Guild History

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Guild Unlimited

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HISTORY

In medieval times, guilds were formed to represent common interests of those in shared work practices, such as coopers and surgeons. Apart from mutual interests, guilds also promoted ceremonial activities, such as holidays of their patron saint, initiations, testimonials and even burials.

As the free market expanded, guilds were seen increasingly as impediments to economic growth. Trade in commodities and services became more fluid outside the control of closed shops. "Workers" were represented by trade unions and professional qualifications managed by universities.

With the various craft revivals in the 1890s and 1970s, craft guilds were developed such as the Guild of St George and the Victorian Embroiderer's Guild. They were no longer associated with paid work, but with lifestyle.

Today, the role of trade unions is declining. Nowadays, it is possible for a single worker to intersect with a number of occupational groups. One person might combine an artistic practice with waiting in a cafe and office reception. Running between these responsibilities can be quite isolating. There is potential to develop guild identities that reflect shared work practices that are common today, but lack formal associations. We could start with cappuccino pullers, DJs, hackers, web site designers, network administrators, photocopier technicians and publicists. Where would you go from here?

Already there are many informal guilds developing online, such as the HTML Guild and the Open Source Movement. The Internet is quite conducive to guild-building because of the ease of communication. However, the computer screen is a cold medium that cannot fully satisfy need for bonds of association. Objects that represent these occupations offer a more tangible link. The history of guilds provides us with models: shields, trophies, badges, ritual objects, round tables, tapestries, paintings etc. What would be a 21st century take on guild objects?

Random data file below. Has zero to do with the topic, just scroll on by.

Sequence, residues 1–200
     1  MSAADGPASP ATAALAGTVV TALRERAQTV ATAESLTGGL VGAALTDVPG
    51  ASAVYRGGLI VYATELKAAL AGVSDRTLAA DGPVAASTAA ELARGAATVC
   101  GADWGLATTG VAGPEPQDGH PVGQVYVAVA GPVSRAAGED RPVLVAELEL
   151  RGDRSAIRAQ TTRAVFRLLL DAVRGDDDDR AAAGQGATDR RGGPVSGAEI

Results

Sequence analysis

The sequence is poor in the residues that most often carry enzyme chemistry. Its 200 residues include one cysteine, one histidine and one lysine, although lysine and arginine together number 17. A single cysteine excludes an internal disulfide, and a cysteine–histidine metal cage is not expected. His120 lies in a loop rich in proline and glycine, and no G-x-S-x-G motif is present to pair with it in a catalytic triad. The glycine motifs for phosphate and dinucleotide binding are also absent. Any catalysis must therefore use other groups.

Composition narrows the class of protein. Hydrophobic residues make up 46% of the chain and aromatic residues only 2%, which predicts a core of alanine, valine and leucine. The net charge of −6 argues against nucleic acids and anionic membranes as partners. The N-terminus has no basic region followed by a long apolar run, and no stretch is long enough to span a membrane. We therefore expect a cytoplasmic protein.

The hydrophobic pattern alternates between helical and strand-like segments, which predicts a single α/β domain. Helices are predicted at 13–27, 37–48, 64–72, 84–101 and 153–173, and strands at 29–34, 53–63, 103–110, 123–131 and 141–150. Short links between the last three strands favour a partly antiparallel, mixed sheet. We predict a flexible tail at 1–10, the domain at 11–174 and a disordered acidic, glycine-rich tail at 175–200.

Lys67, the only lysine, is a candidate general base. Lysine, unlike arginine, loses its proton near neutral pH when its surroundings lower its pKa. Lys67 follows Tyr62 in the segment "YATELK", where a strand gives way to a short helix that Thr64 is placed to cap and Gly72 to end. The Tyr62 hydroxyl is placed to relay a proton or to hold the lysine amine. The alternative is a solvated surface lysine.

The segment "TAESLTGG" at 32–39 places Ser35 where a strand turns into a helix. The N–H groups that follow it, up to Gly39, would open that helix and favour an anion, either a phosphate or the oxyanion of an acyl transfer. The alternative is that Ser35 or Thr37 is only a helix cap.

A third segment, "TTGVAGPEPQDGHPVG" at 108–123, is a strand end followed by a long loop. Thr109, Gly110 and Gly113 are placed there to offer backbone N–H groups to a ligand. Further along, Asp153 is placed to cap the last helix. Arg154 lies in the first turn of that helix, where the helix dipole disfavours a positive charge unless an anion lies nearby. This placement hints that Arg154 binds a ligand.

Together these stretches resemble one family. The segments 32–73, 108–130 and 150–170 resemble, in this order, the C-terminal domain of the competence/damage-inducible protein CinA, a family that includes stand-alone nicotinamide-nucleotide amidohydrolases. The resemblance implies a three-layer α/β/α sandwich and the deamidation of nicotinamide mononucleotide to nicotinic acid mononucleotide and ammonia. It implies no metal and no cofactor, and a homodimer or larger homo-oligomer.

See also

English gilds : the original ordinances of more than one hundred early English gilds 

The English Guild Method Of Learning

The Gild System

The Internetís Open-source Patron Saint

Linux: A Bazaar At The Edge Of Chaos

 

 

 

Some of the guilds in 13th century London

Apothecaries
Armourers
Bakers
Barbers
Basketmakers
Bellmakers
Blacksmiths
Blacksmiths
Bookbinders
Bottlemakers
Bowyers and Fletchers
Braelers
Brasiers
Brewers
Bricklayers
Broderers
Broderers
Brothmakers
Butchers
Buttonmakers
Carmen
Carpenters
Carvers
Chapemakers
Chariotmakers
Cheesemongers
Clerks
Clockmakers
Coffers
Cooks
Coopers
Coppersmiths
Cordwainers]
Cornmongers
Corsours
Drapers
Dyers
Farriers
Felmongers
Feltmakers
Ferrours
Fishmongers
Flemish Weavers
Fletchers
Founders
Freemasons
Fruiterers
Fullers
Furbishers
Galochemakers
Girdlers
Glaziers
Glovers
Gunmakers
Habadasherers
Hatbandmakers
Hatters
Haymongers
Horners
Hostillers
Hurers
Innholders
Jewellers
Lanternmakers
Lateners
Leathersellers
Leches
Limners
Lockyers
Lorrimers
Malemakers
Marblers
Needlemakers
Netmakers
Orglemakers
Painters
Paternosters
Pepperer
Pewterers
Piemakers
Pinners and Cardmakers
Plasterers
Plumbers
Pointmakers
Porters
Potmakers
Potters
Poulters
Printers
Pursers and pouchmakers
Ropers
Saddlers
Salter
Scriveners
Shearmen
sheathers
Sheders
Skinners
Smiths
Soapmakers
Spicer
Spurriers
Spurriers
Stainers
Stationers
Stringers
Stuffers
Surgeons
Tablemakers
Tallowchandlers
Tapicers
Taverners
Tilers
Upholders
Verrers
Vintners
Watermen
Waxchandlers
Whittawyers
Wiredrawers
Woodmongers
Writers of Court Letters
Writers of Texts